Tuesday, May 13, 2014

what a difference a year makes...

Last year on Mother's Day I did not want to be celebrated.  I was convinced I was the worst mother in the world. I probably would have been more comfortable wearing a sandwich board around town that stated as much, than I was receiving accolades and affection from my boys and husband.  It was a hard day for me and when Nate asked what I wanted to do, all I could think to ask was for him to take the boys out for a while so I could be alone.  Not that there's anything wrong with a mother wanting some alone time.  It was my motivation for this request that was so sad... I couldn't bear to be with them and accept their love.  All my energy was tied up in hating myself.
This year felt really different.  I felt much more at ease with the whole idea of the day.  After over a year of intense weekly therapy, I am finally breaking some of the bad mental habits and cycles that kept me feeling like such a failure for so long.  I credit my phenomenal therapist, who keeps me working hard, even on days when I come in and say, "I feel great!  Everything's fine!"  He makes me dig until we find something that still needs a little tweaking.  And I give myself a lot of credit too.  It is such. hard. work.  A lot of times I don't feel like going.  If not for their 24-hour cancellation policy, I would probably be skipping my Wednesday appointments frequently.  But I make myself go because I'll pay $100 for nothing if I don't, and then I'm always glad I did.  I'm learning exactly how to challenge the voice in my head that tells me I am a worthless piece of trash because I am not perfect.  I'm honing skills and identifying untruths in my thinking.  Usually by the end of the week I am sliding back into old habits, forgetting what I learned.  So we talk about it again, we review and make solid, we look at it over and over until I can see it clearly. 
On Sunday I was able to accept gifts and cards with joy.  Because, hey.  I'm here and I'm doing my best.  It took (and is taking) a lot of work, but I'm finally to a place where I can believe that that is enough.


 I knew exactly how I wanted to spend my Mother's Day this year.  You could say that I milked it.  First we went to church, then we went to two museum exhibitions I wanted to see (but I knew the boys didn't).  The boys liked the quilts more than the photographs.  I loved both shows.  We also spent plenty of time outside, and it was a gorgeous day.  We had lunch in Scoville Park before we headed into the city, and we walked around Grant Park after our museum rounds.  Throw in some Dairy Queen mid-day, and some Five Guys for dinner, and it was basically a perfect day.
There's that word again.  Perfect.  If there's one thing therapy has taught me, it's that perfect is a myth.  It's not some elusive goal that should be my life's mission.  It's a lie.  It simply doesn't exist.  When I say our day was perfect, was it actually?  The boys fought over a book.  Theo threw a fit about some video game issue I can't even remember now.  I felt self-conscious all day in a new sweater I was wearing that I felt was not flattering.  I probably snapped at someone at least once or twice.  All little moments that, in the past, would have pointed the finger at me and taunted, "SEE?  See how much you suck?" Now I'm working with a little more grace and grit, and I can (usually, sometimes) see these moments for what they are.  Just life.  Happening.  I was able to have a perfect day, in my mind, because mixed in with all these were also moments where we smiled, we laughed, we felt a breeze, we saw something new.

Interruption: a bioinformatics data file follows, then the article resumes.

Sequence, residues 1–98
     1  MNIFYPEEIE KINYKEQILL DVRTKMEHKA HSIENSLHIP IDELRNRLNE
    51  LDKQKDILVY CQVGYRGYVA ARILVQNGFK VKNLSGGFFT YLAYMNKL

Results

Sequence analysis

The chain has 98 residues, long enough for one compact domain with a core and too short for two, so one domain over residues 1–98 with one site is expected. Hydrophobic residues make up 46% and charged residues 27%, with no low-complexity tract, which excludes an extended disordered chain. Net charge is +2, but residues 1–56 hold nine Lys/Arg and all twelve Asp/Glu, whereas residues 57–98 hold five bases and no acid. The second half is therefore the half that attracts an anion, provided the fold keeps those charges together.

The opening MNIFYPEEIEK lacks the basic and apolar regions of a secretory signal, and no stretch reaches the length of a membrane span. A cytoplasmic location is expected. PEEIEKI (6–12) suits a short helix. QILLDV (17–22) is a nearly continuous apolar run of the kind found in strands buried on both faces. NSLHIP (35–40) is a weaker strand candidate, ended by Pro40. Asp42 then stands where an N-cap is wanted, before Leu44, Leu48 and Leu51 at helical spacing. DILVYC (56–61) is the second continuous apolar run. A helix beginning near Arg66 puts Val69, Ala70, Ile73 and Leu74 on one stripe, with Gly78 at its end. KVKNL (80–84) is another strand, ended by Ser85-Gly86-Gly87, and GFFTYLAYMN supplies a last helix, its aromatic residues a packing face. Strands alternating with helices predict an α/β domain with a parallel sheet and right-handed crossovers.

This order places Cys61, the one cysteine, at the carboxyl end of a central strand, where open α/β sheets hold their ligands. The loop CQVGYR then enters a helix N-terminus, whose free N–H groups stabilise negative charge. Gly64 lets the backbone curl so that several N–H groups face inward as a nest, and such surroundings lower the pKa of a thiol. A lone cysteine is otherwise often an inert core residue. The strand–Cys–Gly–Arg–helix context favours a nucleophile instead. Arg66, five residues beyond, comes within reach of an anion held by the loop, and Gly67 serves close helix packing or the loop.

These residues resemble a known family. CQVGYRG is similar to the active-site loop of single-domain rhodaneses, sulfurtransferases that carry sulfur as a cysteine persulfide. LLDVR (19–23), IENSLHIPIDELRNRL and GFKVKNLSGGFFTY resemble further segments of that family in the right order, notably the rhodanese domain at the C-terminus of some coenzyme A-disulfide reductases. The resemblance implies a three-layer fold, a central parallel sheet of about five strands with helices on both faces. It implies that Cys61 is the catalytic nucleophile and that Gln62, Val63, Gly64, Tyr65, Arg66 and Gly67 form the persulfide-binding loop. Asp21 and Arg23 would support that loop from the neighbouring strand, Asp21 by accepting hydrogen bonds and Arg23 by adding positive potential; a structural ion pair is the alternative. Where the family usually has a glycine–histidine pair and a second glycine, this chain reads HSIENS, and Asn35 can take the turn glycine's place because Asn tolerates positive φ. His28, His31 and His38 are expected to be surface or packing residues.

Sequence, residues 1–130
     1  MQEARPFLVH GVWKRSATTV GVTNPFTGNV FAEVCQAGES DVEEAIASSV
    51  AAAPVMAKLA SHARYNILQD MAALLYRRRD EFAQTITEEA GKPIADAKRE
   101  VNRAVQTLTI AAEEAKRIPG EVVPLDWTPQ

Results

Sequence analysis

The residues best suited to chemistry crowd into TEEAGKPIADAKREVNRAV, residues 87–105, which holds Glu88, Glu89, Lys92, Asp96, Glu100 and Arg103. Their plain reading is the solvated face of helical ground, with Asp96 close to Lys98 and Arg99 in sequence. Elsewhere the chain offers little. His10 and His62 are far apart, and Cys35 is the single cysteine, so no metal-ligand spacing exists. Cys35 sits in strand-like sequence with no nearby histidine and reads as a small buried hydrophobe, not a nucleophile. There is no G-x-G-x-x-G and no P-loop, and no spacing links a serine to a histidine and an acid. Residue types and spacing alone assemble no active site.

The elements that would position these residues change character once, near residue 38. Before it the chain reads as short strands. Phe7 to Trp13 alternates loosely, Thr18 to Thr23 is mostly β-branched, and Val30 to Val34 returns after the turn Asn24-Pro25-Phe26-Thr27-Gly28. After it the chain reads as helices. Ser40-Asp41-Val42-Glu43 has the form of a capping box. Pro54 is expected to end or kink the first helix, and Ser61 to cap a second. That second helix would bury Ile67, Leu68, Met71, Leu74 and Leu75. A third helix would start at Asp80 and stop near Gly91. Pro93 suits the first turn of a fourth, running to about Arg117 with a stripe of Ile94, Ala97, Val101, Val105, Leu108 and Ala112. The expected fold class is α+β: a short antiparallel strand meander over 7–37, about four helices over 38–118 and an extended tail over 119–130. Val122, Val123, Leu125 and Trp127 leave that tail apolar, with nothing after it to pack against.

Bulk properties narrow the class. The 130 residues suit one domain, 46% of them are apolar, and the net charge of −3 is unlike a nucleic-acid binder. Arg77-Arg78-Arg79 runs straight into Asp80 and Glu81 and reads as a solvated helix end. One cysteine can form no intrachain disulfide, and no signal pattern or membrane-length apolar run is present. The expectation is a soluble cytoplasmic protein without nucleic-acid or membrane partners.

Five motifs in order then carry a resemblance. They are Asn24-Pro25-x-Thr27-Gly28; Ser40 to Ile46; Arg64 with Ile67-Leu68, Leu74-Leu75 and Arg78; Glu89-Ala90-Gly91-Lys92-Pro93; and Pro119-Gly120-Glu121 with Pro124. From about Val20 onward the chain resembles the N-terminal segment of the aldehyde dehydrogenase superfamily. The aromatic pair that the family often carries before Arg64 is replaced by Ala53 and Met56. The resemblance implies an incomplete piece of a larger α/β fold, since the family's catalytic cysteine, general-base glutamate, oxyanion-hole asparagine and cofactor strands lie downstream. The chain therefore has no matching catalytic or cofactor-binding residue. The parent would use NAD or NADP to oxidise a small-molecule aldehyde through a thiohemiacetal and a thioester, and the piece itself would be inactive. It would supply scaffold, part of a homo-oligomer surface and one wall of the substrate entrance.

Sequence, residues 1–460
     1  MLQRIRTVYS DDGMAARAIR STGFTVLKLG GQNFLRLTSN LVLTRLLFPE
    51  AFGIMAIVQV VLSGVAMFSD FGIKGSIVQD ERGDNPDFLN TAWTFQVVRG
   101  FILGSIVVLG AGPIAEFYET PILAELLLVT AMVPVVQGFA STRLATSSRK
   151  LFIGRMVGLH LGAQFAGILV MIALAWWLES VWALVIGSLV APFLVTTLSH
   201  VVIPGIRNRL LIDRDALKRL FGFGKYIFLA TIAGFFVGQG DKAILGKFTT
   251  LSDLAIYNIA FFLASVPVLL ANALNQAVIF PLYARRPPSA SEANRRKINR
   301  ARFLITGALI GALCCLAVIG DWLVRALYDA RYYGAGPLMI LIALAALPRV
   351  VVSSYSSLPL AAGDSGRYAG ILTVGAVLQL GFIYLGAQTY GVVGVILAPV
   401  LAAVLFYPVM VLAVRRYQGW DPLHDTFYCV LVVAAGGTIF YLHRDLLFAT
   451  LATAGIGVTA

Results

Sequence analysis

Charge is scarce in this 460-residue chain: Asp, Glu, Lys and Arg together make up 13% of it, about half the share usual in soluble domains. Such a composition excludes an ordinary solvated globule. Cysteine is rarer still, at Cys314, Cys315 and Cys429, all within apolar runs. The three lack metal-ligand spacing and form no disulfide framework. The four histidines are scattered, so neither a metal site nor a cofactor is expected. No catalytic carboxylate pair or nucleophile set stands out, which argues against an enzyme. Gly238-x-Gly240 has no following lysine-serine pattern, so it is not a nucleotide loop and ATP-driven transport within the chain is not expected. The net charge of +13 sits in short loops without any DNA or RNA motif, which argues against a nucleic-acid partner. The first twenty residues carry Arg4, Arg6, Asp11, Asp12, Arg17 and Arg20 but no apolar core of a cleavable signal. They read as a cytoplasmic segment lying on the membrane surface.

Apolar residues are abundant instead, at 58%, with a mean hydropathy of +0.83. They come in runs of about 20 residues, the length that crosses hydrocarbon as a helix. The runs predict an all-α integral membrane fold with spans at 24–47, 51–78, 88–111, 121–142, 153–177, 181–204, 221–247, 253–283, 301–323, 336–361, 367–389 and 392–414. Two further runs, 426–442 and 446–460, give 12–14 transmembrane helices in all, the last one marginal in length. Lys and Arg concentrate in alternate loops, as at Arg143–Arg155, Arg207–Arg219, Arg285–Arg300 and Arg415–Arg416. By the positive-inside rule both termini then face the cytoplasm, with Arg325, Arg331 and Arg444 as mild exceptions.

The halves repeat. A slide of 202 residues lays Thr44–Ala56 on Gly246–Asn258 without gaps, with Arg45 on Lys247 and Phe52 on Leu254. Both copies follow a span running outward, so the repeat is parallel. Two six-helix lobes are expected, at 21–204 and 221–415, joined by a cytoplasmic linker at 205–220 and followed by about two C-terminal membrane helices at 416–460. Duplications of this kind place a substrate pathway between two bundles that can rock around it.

Imperfect is the new perfect.  That's what I am learning.

I like this poem by Shawn Fink, of Abundant Mama blog.

Ordinary Gifts


This moment, right here
the one with a sink full of dishes,
and sticky jelly still smeared on knives,
I'll take it.

This moment, right here,
the one where the stuffed animals breed like bunnies,
and marker caps vanish into thin air,
I'll take it.

This moment, right here,
the one when he falls asleep,
too tired to listen to my long diatribe,
but still carries on the conversation,
I'll take it.

This moment, right here,
the one when the weeds are growing,
but the basil refuses,
and the bees threaten their sting,
I'll take it.

This moment, right here,
the one when she yells she hates me,
and storms away leaving me in her wake,
and then returns, hugging me tight with a sorry,
I'll take it.

This moment, right here,
the one when a Saturday night is spent tucking in,
and cleaning up,
rather than partying and socializing,
I'll take it.

I'll take it all.
I'll take it all.
I'll take it all.

2 comments:

Amy said...

This is so beautiful and inspiring, Laura! I think many times we think we are alone in doubting and criticizing ourselves, but I believe most of us do this far too often. I've been making an effort to try not to weigh myself against others and to not focus so much on what I should've done or didn't do... but it is HARD. Thank you for the reminder! And I love the photo of you and your boys!!

Debbie said...

Ordinary Gifts. Yes. We do take them all for granted. Take it all. Soak it in. Being a parent isn't easy. My mother used to tell me that if I didn't think I was measuring up to the standards I had set out for myself that I should just use a different ruler.. that was her way of telling me that I was doing just fine. Glad to hear that you are creating a new ruler to use. And put duct tape over that inner critic's mouth! tee hee. Happy today.